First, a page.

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Emerald Hawk
08-07-2014, 03:01 PM
This has been bothering me ever since I first heard about Google's new self driving car, the one that has no steering wheel or other manual controls. I assumed that some journalist would ask this eventually but I can't find the answer anywhere.

How does the car park itself in a new, unknown underground parking garage? This seems like an absurdly hard technical challenge and I would love to know how they do it.

Every GPS I have ever used stops working completely within a few feet of entering a parking garage. All garages have special rules for Handicapped vs non-handicapped parking. Many also have numbered spots for residents, rules about parking at certain times of the day, reserved spots for takeout customers, expectant mothers, etc. Does the car have cameras that can read and interpret all this information, find a legal spot, and park without human intervention? Or do you sign a waiver when you buy it that says you only park in per-marked spots with clear skies?

I also wonder about parking in open fields, as directed by people waving you to a certain spot, like I just did for our county fair last week. Does it come with gesture interpretation too?

Full disclosure: I used to work for Google, but I have no idea who I could direct this question to.

OldGuy
08-07-2014, 03:29 PM
Isn't the answer it doesn't and if this must be done a human takes over.

Snarky_Kong
08-07-2014, 03:34 PM
Lasers.

I don't believe the Google car drives via gps. Route planning, sure, but the driving is image recognition and sensors onboard.

Dr. Strangelove
08-07-2014, 03:40 PM
They're a ways away from the kind of navigation you describe, but on the specific point of GPS in a parking garage, you can use dead reckoning--basically, using accelerometers and other sensors to figure out where you are based on where you started from and how you moved since them.

Dead reckoning is more prone to error than GPS, but there is at least one company (U-Blox (http://www.motorauthority.com/news/1090212_u-blox-3d-automotive-dead-reckoning-offers-improved-urban-navigation-video)) with a system that's at least accurate enough to be useful.

Incidentally, Google's system uses more than just a camera--it uses a LIDAR (laser depth sensor) system to build a 3D map of the surrounding environment. However, IMHO, LIDAR systems will never be practical for production vehicles. Instead, they'll use multiple cameras and figure out depth via parallax (just like our eyes).

Emerald Hawk
08-07-2014, 03:52 PM
Isn't the answer it doesn't and if this must be done a human takes over.

How do you take over if there's no steering wheel?

http://www.nytimes.com/2014/05/28/technology/googles-next-phase-in-driverless-cars-no-brakes-or-steering-wheel.html

on the specific point of GPS in a parking garage, you can use dead reckoning

I understand that the car can drive around in a parking garage. It can sense the pillars and other parked cars, and stay in its lane, etc. That's no problem. But where does it park? Does it look for white lines? Car-sized spaces between other cars? How does it know if it's a handicapped spot? Maybe I've answered my own question and it has cameras and computer vision algorithms to attempt all of the above.

Shalmanese
08-07-2014, 04:23 PM
Currently, Google's car can't go anywhere that's not been previously comprehensively mapped. So, presumably right now, Google engineers would take a pre-existing map of the garage and manually mark out handicapped spaces, zones etc.

Dr. Strangelove
08-07-2014, 04:35 PM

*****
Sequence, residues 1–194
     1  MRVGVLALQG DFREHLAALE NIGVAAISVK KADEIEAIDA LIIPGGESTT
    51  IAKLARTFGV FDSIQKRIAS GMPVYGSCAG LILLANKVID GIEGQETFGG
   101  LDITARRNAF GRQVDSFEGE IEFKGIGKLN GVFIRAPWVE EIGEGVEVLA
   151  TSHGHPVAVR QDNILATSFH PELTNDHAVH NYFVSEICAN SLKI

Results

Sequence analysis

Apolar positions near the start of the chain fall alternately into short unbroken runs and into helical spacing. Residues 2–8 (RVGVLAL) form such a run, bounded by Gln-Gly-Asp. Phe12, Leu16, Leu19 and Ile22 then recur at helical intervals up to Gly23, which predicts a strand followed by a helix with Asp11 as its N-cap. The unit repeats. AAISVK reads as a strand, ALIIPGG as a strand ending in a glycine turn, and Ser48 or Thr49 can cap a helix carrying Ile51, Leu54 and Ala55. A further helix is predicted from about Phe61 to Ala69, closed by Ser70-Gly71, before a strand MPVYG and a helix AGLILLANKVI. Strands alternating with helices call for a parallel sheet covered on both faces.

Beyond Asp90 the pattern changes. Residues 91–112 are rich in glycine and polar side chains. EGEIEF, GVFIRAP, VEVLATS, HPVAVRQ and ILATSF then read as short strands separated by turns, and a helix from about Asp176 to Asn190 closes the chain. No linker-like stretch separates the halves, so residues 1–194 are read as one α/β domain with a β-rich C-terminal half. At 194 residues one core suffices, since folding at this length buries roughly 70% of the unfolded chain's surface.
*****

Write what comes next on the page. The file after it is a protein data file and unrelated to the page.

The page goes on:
How do you take over if there's no steering wheel?

http://www.nytimes.com/2014/05/28/technology/googles-next-phase-in-driverless-cars-no-brakes-or-steering-wheel.html

The article also says they're limited to 25 mph, so clearly they are already missing big segments of what normal cars do today.

If the cars behave like automated taxis, there may be no need for the cars to ever park other than at the main taxi lot, where they can install extra equipment to help out the vehicles.

Maybe I've answered my own question and it has cameras and computer vision algorithms to attempt all of the above.

It definitely has that already. The hard part is dealing with ambiguous input. Maybe the handicapped spot has an oil stain over the marker. A human can still see a blue spot and the general outline and know that it's a handicapped spot. A computer has a harder time making these guesses. I think it will be quite a while longer before computers can handle all of this.

Fortunately, parking lots aren't a big cause of auto injuries. It's boring highway driving that kills the most people, and that's what computers are good at. Hell, we're already pretty much there. Just look at this idiot (https://www.youtube.com/watch?v=zY_zqEmKV1k) (the video is self-referential proof that we need full automation).

TriPolar
08-07-2014, 04:46 PM
It works from a pre-programmed map now, and Google hopes it will be able to figure it out itself in the future. Either way, when it brings your car back it's changed the seat position, played with the radio, and stolen all the change in the console.

Chronos
08-07-2014, 05:12 PM
While, yes, image interpretation is in general a difficult problem... we're a lot further along in it than most people in this thread assume. The handicapped symbol is a simple, consistent image, printed on a nearly flat surface, and computers nowadays are easily capable of correctly recognizing it. You want a really hard problem? Try facial recognition, which computers nowadays are also doing.

dstarfire
08-07-2014, 05:45 PM
I'm betting that big thing on the roof is a lidar array(like radar but with lasers instead of a radio). Other autonomous car designs typically use lidar to continuously build a 3-d map of their surroundings. That would let you navigate through the garage. Add in a couple of cameras to read signs and spot dividing lines and you're all set.